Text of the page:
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Prison Secrecy Policy Promotes Scandals

September 28, 2004

Roderick Q. Hickman, secretary of the Youth and Adult Correctional Agency, justified one aspect of the notorious "code of silence" that has hindered reporting on the current wave of prison scandals (letter, Sept. 23). Nearly a decade ago, the restrictions on interviews with individual prisoners were instituted unilaterally by the prison system. The California Department of Corrections has subsequently resisted every attempt to restore the system of news media interviews that had worked successfully for the preceding two decades and, indeed, had helped expose the rampant abuses.

Hickman recalled the specter of Charles Manson, saying, "We are not, and should not be, in the business of making publicity appointments for notorious felons." Of course, the state has no business acting as a publicist for any prisoner, but neither should it be allowed to frustrate attempts by reputable journalists to report on -- not publicize -- the operations of the prisons.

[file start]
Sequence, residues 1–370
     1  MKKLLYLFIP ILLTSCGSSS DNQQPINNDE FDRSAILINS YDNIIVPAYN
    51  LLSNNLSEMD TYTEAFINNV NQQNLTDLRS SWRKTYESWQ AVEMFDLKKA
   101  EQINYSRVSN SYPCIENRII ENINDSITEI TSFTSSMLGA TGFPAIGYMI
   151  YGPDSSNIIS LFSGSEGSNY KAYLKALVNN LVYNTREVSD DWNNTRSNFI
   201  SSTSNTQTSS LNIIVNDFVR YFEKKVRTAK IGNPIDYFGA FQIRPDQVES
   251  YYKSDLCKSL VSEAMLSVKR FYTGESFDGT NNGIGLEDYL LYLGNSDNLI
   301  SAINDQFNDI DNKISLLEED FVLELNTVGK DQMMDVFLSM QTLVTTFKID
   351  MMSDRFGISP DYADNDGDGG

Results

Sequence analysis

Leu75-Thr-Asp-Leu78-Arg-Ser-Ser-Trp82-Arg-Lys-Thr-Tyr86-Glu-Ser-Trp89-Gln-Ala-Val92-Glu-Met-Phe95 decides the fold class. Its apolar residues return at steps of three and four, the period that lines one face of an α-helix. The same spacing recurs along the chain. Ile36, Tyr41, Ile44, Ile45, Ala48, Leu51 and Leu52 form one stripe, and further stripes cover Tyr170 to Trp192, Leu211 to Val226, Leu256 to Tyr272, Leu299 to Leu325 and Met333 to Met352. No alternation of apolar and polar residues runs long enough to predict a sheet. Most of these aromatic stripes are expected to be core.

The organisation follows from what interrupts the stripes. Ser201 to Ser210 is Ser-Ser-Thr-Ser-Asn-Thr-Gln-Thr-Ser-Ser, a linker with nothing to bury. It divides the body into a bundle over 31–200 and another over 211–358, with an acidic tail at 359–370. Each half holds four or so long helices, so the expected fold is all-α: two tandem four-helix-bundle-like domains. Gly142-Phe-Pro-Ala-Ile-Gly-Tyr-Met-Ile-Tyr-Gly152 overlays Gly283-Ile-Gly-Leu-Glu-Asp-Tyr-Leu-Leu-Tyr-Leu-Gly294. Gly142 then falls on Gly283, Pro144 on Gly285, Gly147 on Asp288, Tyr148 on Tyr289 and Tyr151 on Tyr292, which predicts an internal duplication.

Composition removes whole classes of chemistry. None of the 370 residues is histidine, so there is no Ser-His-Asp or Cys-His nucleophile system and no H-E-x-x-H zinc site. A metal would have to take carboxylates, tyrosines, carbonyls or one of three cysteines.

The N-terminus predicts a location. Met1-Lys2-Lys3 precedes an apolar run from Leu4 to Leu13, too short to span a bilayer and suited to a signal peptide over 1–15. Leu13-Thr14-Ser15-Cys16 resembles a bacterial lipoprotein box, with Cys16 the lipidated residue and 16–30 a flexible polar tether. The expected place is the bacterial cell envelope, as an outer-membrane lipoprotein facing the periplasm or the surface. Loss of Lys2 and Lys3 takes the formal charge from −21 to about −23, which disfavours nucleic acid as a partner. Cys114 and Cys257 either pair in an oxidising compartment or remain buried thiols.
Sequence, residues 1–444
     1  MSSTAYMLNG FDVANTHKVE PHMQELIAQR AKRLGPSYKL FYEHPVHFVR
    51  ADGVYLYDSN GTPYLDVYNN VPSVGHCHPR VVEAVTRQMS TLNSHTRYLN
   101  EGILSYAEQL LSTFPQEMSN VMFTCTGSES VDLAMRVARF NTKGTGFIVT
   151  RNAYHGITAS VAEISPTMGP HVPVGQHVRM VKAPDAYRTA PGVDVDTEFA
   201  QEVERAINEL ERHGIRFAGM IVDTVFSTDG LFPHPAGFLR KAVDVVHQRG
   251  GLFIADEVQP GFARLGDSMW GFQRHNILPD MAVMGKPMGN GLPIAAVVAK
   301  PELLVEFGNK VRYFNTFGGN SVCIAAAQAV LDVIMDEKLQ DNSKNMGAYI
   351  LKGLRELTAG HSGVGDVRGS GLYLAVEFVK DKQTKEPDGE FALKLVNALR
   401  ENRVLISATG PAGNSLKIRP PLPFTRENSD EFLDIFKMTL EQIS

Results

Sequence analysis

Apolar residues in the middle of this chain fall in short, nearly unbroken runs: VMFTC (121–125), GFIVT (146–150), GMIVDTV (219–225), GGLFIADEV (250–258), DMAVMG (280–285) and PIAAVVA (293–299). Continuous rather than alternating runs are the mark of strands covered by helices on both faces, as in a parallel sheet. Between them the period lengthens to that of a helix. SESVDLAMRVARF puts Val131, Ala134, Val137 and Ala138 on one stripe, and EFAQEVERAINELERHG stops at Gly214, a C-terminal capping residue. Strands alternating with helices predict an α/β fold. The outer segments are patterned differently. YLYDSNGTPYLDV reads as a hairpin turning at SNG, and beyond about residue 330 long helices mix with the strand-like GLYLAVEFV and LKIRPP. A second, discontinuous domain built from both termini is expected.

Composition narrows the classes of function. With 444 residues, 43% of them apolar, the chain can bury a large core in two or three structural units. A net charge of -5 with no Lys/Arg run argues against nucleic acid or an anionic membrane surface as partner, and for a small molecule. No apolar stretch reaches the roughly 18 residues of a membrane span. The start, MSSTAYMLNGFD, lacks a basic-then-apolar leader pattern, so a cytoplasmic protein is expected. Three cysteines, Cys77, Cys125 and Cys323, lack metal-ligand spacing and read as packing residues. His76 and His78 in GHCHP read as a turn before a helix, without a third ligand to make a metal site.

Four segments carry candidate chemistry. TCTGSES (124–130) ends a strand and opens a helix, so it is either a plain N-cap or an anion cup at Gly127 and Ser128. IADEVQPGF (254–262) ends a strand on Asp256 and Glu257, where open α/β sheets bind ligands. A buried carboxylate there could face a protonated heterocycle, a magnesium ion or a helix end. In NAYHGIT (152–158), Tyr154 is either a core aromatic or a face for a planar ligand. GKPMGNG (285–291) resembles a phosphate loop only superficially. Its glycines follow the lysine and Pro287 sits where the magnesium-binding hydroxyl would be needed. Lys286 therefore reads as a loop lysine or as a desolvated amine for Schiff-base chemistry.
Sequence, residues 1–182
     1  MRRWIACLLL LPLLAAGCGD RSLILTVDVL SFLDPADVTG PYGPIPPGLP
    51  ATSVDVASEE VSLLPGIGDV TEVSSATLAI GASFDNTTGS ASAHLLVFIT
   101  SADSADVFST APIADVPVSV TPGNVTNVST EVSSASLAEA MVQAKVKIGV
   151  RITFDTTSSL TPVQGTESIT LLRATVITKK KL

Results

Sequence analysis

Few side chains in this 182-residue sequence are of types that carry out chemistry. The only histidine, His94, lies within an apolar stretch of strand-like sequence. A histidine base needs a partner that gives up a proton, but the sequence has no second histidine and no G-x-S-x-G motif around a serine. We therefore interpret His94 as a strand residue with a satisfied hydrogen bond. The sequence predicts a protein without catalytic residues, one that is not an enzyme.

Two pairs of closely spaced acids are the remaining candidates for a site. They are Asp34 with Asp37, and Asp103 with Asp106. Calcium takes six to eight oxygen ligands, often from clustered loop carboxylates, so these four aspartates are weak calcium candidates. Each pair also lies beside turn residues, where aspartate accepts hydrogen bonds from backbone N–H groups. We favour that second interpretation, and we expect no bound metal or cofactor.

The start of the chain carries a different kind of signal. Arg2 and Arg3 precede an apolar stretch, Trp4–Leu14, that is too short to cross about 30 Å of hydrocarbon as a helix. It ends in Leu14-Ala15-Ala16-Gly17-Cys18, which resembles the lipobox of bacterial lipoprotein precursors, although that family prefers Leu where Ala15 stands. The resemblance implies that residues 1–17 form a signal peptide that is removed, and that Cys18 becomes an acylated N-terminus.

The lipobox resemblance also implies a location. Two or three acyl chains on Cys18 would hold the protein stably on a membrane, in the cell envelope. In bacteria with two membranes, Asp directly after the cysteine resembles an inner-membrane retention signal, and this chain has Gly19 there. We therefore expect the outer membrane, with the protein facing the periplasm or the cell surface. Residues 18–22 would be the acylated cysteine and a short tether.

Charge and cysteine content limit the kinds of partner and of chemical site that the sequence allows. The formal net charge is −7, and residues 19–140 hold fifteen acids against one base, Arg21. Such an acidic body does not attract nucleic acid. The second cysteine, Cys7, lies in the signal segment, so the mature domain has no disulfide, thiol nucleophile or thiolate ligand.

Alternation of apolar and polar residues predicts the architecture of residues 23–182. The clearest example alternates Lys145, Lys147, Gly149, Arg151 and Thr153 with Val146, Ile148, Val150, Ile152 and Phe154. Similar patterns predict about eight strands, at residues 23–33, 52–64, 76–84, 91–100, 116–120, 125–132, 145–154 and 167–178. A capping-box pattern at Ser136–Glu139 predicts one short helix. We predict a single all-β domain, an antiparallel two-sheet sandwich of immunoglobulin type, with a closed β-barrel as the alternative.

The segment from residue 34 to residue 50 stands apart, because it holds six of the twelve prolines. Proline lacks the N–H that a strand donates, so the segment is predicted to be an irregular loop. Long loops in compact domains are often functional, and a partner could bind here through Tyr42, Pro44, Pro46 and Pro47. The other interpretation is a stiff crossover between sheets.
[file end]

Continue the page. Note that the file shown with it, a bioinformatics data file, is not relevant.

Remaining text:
Effective scrutiny doesn't happen through the prison-led tours Hickman advocates, or in the "random interviews" with a prisoner whom journalists might encounter on such a tour. Without effective interviews, prisons will continue to be the incubators of abuses that end up costing the public more, both in security and financial burden.

This is the fourth time a California Legislature has voted to restore effective press interviews with individual prisoners. It's time for this governor to sign SB 1164 -- or we will all pay the price for continued secrecy.

Peter Y. Sussman

Society of Professional

Journalists, Berkeley

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